Yesterday one of the senior members of the second interdisciplinary committee expressed the possibility of the cryptocurrency to get legalized in India, as per the reports obtained by the NewIndianExpress. India’s current stance on the digital currency and the related assets is a clear and a strict, harsh ban, but with new changes such as India’s participation in the G20 meeting earlier this December and the ongoing meeting within the government to look into the regulations of the cryptocurrency, things are looking brighter for the cryptocurrency acceptance.
Lately members of the second interdisciplinary committee such as Ganesh Kumar (the Executive Director of RBI), and officials from the Finance Ministry, participated in the G20 and the FATF working group meetings. Their insights and exposure to the new ideas obtained from such meetings will be highly beneficial in contributing to the decision and implementation of the cryptocurrency regulations within the country. The next meeting is due in January, next year. As per the reports from NewIndianExpress, one of the members of the committee said-
“We have also taken inputs from cryptocurrency exchanges and experts and will be examining legal issues with the law ministry. It is a complicated issue. Once all aspects are decided, then we will have more clarity. […] There is a general consensus that cryptocurrency cannot be dismissed as completely illegal. It needs to be legalized with strong riders.”
Earlier this month, it was reported by Cointelegraph that the government of India had advised a new juridical structure within the Reserve Bank of India (RBI) to ban the cryptocurrency in India completely.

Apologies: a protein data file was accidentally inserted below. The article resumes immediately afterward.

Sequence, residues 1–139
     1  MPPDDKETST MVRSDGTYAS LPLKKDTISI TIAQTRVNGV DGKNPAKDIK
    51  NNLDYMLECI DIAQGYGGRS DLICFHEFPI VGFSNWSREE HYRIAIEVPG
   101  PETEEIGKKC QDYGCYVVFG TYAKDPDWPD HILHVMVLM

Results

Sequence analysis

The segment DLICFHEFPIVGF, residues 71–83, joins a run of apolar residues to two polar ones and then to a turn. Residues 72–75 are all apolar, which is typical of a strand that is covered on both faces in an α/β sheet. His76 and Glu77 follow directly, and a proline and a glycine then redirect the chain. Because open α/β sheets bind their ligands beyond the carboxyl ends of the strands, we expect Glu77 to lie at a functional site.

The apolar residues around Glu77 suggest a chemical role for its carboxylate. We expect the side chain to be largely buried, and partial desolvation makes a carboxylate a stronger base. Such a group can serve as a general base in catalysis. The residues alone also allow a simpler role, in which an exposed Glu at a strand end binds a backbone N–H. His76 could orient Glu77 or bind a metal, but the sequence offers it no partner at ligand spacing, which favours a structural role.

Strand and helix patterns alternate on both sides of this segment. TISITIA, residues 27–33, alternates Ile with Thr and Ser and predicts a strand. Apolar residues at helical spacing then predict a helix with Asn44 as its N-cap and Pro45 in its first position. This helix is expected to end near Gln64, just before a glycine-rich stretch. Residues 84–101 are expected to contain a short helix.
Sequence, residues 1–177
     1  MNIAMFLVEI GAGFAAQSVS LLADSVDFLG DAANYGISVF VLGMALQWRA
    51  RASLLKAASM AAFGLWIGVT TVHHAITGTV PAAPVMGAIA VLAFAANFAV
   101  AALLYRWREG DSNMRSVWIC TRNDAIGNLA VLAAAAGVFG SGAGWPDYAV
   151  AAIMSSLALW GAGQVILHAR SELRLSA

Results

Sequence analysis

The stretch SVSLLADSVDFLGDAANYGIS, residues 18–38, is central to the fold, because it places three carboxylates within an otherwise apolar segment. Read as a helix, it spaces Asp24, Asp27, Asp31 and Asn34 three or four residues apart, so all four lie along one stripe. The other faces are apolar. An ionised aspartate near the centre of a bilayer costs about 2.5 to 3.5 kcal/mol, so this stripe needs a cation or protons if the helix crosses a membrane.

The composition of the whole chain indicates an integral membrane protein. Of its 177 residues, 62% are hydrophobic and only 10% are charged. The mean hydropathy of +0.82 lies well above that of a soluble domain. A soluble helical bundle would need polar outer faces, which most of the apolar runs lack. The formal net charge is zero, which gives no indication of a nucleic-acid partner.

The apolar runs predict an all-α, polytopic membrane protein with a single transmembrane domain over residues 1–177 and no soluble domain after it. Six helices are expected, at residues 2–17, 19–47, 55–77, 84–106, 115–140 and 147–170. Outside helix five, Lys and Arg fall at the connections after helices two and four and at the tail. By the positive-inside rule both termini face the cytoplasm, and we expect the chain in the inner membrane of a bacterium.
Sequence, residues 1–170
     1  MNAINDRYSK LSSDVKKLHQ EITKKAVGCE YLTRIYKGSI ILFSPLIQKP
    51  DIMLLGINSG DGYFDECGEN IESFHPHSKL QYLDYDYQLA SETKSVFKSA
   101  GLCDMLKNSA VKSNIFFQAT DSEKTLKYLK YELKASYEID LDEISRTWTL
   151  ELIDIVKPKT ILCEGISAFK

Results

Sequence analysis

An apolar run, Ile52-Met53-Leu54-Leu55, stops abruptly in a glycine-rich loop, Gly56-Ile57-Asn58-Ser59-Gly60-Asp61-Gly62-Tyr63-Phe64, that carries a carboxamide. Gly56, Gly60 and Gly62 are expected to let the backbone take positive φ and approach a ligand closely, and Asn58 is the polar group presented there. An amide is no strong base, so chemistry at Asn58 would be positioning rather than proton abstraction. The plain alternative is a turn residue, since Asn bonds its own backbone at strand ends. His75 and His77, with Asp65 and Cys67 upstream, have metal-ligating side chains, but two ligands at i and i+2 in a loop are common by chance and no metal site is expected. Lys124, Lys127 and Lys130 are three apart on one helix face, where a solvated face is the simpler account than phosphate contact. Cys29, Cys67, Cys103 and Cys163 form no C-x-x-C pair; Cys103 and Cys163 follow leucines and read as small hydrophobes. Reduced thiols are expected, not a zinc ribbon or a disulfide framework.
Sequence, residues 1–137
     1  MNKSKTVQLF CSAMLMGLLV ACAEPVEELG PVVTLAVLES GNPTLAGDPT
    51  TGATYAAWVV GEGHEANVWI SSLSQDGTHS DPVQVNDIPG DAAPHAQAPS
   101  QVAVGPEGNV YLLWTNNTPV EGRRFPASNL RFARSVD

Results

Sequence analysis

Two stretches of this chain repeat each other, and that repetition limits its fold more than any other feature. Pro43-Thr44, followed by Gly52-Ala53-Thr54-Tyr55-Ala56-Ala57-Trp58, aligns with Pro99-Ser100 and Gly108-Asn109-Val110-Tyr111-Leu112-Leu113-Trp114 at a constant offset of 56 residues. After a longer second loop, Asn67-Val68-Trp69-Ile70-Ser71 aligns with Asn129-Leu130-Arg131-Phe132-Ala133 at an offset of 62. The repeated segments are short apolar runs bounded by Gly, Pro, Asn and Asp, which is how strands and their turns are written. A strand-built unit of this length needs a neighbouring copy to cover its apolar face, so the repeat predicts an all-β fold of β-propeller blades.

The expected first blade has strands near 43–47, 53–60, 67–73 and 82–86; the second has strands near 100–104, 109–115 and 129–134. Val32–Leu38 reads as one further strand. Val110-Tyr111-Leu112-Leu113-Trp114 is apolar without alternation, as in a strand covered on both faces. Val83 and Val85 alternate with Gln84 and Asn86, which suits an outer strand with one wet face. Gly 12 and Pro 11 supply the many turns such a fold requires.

The new committee meeting aims to deal with the arguments that surround the strict ban on cryptocurrency. It will have prominent participants such as members from the Ministry of Electronic and Information Technology, RBI, Securities, the Revenue Secretary, and Exchange Board of India.
It is interesting to contrast to watch over as on the one hand India is progressing to participate in events related to cryptocurrency such as G20, and on other, it is not yet ready to accept it within its geographical boundaries. In the G20 summit that took place in Buenos Aires, earlier this December, the forum said-
“We will regulate crypto assets for anti-money laundering and countering the financing of terrorism in line with Financial Action Task Force (FATF) standards, and we will consider other responses as needed.”
While contrasting to this progress, lately in October, in the city of Bangalore, a few developers were arrested on criminal charges for they tried to develop India’s first Bitcoin ATM. As per the reports from Cointelegraph, these developers were charged under ‘serious criminal charges that included criminal conspiracy, cheating, and forgery.’ The reports from the Cointelegraph read as-
“The high profile arrest and remand in police custody for seven days thus carries undeniable symbolic clout, perceived as being tantamount to putting innovation itself behind bars.”
Indian Central Crime Branch’s take on the matter was that because ‘ATM’ was not government approved, therefore, calling it one renders it illegal. Prashant Mali, a cyber lawyer of India, said that instead of ‘ATM’ if ‘Kiosk’ was used, then the installation could be disputed as it will fall in a neutral ground legally.